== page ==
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With every new year comes a new opportunity to resolve to make a better life for yourself. Financial planning is a very popular choice for new year’s resolutions along with losing weight and doing better in school.
If you are looking to save more and spend less this year, you are going to need to stick to a resolution and put your money where your mouth is. The key to success is to choose a goal that is measurable, has an expiration date, and is very precise. Additionally, in some cases hiring professional help like that of a futures broker will make your goal that much more doable. As you can imagine, without the help of a professional investing intelligently would be considerably more difficult and prone to failure.
In her Wall Street Journal article How to Keep Your Money Resolutions, Carolyn T. Geer gives essential financial advice.
“Saving more is abstract,” Geer writes. “Saving for a trip to Rome isn’t.”
Choosing to stick to a very limited and strict budget is often the worst resolution to choose.
“Because of their emphasis on self-denial (no more lattes!), we are not motivated to follow through with them, so we are constantly failing,” Geer explains.
With Geer’s advice in mind, here are my three steps to help create an achievable resolution.
Step one: Choose a concept or an idea. Everyone has something that they want to change. Examples are creating an emergency fund, saving more money, buying a car, or to even stop buying lattes.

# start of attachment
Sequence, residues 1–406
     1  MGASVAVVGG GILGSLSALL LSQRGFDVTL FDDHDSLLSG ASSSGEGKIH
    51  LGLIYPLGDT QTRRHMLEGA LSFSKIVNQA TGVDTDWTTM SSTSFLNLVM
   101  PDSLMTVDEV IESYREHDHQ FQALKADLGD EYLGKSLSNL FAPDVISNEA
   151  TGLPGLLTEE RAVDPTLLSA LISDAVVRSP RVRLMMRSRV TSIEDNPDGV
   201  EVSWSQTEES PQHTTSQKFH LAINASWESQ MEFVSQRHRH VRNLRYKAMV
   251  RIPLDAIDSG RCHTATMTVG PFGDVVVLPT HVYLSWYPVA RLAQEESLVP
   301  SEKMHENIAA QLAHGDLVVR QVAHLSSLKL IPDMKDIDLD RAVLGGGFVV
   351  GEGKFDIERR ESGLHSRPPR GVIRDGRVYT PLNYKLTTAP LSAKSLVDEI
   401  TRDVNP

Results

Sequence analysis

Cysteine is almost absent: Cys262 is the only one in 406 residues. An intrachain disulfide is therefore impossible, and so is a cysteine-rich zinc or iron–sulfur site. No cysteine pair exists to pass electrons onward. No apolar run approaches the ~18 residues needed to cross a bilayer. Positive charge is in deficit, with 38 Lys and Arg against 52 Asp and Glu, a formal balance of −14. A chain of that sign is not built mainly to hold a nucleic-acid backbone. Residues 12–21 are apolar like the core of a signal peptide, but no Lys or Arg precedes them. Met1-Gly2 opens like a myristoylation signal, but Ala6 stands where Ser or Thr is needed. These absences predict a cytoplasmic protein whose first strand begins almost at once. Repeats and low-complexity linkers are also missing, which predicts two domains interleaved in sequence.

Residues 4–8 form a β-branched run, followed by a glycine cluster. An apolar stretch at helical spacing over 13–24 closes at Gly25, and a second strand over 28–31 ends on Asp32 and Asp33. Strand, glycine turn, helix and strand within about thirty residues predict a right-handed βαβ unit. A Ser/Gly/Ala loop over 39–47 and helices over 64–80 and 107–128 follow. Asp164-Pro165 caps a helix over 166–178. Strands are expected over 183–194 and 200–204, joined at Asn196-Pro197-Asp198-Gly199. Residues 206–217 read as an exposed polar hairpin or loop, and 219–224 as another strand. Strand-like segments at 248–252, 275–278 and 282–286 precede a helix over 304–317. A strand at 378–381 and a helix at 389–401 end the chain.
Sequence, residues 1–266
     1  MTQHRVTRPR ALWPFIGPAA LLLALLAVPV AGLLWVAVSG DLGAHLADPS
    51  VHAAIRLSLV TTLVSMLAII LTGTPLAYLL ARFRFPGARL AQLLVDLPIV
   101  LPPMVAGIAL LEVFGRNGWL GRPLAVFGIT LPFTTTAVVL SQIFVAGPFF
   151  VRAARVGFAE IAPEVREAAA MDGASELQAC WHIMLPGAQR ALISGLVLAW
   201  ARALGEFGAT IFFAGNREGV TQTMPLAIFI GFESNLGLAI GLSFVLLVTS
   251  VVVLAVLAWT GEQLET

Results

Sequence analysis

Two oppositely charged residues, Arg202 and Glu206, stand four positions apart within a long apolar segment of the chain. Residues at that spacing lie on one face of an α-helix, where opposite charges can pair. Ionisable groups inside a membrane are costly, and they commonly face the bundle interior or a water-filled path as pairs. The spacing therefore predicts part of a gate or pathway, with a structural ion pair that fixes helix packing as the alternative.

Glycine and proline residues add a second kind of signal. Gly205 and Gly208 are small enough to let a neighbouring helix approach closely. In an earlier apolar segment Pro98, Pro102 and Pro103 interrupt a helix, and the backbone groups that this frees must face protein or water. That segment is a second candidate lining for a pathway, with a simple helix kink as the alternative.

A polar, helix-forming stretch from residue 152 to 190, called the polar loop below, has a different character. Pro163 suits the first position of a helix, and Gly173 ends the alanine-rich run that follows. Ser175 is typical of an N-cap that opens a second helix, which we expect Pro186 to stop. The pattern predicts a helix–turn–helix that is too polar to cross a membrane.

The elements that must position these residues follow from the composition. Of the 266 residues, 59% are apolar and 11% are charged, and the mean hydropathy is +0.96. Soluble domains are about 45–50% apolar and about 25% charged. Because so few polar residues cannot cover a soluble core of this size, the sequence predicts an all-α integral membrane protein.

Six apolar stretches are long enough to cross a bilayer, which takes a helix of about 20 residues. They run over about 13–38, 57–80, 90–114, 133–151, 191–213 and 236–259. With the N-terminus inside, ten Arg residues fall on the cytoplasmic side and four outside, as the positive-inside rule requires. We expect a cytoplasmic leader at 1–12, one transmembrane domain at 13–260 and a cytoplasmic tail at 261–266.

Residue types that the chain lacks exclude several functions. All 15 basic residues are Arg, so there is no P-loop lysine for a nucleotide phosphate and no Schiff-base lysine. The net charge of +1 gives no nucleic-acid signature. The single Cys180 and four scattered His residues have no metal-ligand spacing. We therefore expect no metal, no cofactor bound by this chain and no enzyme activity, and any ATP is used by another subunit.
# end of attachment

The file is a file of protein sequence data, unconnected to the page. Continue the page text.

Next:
Step two: Create a way to measure your success. The resolution to stop paying for lattes could be measured in days without buying one or by how many caffeinated beverages made at home before a busy day. Typically, financial resolutions will be measured by dollars saved.
Step three: Decide on an expiration date. Specifying a date forces action and doesn’t allow time for procrastination. Picking a concrete day such as December 1st, 2012 puts a time limit and a countdown on a goal or resolution.
Support is vital to success in all areas of life, and people are more likely to stick to something when they know that their reputation is riding on it. Reaching goals and living up to resolutions shows a sense of dedication and self-worth to friends and family or those who have been giving their support throughout the year.
The most important thing to remember when trying to stick to a resolution is that it only takes about a month to create a habit. Survive the hump and it will be a downhill breeze for the rest of the year. The habits that someone creates in college will stay with them the rest of their lives.
College is the best time in life to implement change, start a new tradition, and adapt to new habits. As the saying goes, “The best time to plant a tree was twenty years ago. The second best time is now.”
Contact CU Independent Assistant Opinion Editor Mandi Meek at Amanda.email@example.com.